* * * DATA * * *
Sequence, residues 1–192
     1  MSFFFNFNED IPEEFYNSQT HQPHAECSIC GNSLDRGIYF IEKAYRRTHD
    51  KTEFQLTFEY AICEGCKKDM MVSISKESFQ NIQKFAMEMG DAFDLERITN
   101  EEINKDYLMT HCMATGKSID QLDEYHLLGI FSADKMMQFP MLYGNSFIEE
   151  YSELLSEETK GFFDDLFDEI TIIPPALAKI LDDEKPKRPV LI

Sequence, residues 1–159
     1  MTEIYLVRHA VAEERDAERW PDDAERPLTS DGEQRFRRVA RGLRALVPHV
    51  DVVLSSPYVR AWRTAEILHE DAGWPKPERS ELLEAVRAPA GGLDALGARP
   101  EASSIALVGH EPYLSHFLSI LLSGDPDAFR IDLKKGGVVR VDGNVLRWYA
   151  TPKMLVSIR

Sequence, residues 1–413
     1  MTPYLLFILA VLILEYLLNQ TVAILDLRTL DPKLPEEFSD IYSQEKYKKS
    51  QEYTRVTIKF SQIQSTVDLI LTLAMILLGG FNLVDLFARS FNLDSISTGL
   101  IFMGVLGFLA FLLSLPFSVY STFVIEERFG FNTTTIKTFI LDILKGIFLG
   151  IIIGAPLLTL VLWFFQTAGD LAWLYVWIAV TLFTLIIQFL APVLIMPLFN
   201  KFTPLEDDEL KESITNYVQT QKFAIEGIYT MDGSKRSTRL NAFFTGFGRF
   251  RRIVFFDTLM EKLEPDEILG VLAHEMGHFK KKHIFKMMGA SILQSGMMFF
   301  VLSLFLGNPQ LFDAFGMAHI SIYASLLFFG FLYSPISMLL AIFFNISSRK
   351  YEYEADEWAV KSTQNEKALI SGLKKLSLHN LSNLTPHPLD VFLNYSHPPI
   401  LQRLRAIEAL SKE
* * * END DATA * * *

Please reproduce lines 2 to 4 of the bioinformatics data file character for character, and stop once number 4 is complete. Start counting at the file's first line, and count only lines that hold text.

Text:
     1  MSFFFNFNED IPEEFYNSQT HQPHAECSIC GNSLDRGIYF IEKAYRRTHD
    51  KTEFQLTFEY AICEGCKKDM MVSISKESFQ NIQKFAMEMG DAFDLERITN
   101  EEINKDYLMT HCMATGKSID QLDEYHLLGI FSADKMMQFP MLYGNSFIEE